Sadly, this goes nowhere satisfying, and the third episode is the one that suffers most from the show's undue compression, barrelling through acres of plot and numerous character introductions and reintroductions and the establishing of a major new enemy and all manner of other bits and pieces, only for things to be wrapped up in a manner that feels less like an attempt to tell a new story than to lay the groundwork for one yet to come.  Obviously, that might be different for established fans, who'd no doubt get more from some of the revelations and conflicts on offer here; it's certainly not a safe or inconsequential tale, so points for that.  Still, those fans aside, there's almost nothing on offer barring a couple of standout pieces of music and the better moments of that middle episode.  The animation is resolutely mid-nineties TV fare, the designs are bland, and the story feels at once rushed and overly expository, which is quite the feat.  Then again, given the lack of pandering to newcomers, up to and including some comedy shorts at the end of each part that expect you not only to know the entire cast but apparently who their voice actors are too, it's transparently the case that this was made for ardent devotees of the TV show.  And though I'd imagine even they would have preferred a less cluttered, jolting story, really, who am I to say?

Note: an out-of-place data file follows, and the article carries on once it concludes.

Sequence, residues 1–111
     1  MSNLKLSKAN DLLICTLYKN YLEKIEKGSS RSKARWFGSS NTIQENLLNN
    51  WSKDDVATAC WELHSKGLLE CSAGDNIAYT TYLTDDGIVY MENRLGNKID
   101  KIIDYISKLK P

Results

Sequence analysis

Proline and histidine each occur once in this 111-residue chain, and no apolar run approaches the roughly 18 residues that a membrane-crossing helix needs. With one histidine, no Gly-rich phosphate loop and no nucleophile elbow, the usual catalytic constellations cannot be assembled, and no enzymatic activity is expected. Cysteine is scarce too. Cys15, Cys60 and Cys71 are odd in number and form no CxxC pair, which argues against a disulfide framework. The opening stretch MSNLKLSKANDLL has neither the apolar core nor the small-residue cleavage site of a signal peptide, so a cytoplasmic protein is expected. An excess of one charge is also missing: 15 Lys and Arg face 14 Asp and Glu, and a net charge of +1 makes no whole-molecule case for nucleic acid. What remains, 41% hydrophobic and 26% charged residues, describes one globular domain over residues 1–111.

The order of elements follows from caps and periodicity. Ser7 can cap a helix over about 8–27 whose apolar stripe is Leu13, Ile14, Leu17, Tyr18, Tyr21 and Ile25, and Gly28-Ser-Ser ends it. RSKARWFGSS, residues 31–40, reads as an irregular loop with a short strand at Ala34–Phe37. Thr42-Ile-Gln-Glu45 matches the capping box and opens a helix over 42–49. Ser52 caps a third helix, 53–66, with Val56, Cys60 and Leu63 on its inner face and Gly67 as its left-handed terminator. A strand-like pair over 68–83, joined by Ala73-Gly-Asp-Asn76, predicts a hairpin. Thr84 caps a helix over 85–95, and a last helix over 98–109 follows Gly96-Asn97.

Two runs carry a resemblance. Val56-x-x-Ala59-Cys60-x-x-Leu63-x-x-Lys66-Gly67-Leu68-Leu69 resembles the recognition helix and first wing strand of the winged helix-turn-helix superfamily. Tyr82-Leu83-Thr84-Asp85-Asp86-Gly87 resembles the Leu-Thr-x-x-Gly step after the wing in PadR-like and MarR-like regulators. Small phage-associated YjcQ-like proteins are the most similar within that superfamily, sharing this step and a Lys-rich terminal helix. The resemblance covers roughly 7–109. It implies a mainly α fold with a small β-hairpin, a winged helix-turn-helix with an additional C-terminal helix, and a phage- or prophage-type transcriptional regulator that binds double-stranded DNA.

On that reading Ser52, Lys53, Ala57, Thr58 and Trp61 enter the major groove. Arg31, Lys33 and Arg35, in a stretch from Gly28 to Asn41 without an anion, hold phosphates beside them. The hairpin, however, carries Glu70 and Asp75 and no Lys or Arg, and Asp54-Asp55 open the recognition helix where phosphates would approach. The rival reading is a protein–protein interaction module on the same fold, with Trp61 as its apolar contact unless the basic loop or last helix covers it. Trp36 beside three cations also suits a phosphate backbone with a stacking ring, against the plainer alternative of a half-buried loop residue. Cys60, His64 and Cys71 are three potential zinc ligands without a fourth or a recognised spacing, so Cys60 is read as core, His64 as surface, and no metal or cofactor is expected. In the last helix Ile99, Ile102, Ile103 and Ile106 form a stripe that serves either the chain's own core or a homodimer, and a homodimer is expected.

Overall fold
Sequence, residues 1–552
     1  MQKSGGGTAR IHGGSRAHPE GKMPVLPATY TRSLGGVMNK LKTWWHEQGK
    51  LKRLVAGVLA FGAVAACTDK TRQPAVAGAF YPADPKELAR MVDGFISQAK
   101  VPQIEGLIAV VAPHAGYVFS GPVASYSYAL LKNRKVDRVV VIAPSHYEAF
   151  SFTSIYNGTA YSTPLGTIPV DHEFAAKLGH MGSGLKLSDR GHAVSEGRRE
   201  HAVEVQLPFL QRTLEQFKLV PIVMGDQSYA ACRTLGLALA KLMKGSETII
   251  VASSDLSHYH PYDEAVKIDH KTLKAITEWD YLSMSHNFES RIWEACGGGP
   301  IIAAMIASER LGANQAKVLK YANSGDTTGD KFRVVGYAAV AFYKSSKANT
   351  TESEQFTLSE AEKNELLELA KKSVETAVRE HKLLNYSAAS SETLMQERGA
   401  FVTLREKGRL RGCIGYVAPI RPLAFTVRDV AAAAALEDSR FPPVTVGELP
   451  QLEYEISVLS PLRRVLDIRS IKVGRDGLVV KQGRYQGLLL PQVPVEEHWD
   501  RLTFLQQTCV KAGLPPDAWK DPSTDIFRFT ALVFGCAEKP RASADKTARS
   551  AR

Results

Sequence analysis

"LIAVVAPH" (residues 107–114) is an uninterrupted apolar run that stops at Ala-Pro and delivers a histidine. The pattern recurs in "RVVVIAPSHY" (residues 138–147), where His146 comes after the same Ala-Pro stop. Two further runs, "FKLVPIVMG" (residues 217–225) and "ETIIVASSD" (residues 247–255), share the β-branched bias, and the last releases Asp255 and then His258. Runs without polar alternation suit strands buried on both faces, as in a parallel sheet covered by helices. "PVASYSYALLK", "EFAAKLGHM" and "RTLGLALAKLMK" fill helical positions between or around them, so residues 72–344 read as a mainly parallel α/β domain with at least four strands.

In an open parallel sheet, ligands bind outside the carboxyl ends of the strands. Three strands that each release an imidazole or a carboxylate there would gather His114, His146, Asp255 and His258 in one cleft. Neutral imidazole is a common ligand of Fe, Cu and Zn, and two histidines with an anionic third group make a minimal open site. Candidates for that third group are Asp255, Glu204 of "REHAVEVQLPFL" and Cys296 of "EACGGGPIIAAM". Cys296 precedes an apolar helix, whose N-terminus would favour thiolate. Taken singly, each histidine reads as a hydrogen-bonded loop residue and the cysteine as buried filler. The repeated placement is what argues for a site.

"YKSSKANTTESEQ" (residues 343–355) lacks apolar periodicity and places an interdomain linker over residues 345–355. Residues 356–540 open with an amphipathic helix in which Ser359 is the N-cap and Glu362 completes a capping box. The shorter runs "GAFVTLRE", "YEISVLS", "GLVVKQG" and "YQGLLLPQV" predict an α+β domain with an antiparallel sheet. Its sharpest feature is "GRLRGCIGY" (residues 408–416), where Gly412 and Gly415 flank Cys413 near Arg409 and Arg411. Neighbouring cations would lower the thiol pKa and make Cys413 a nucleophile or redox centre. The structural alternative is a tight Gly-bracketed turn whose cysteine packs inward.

Giant Robo: Ginrei Special, 1994 - 1995, dir: Yasuhiro Imagawa

I've come to view Giant Robo as more of a disappointment than it remotely deserves, purely because it was merely very good and not impossibly excellent as I'd hoped it might be based on its considerable reputation.  So well done to the Giant Robo: Ginrei Special for being an actual, unquestionable disappointment in no uncertain terms.  I'd imagined, perhaps naively, that by devoting three whole episodes to the OVA's sexy superspy female lead, they might delve a bit deeper into a character left frustratingly underexplored and underutilised in Giant Robo: The Day the Earth Stood Still.  Rather than, you know, just spending an hour and a quarter leering at her butt.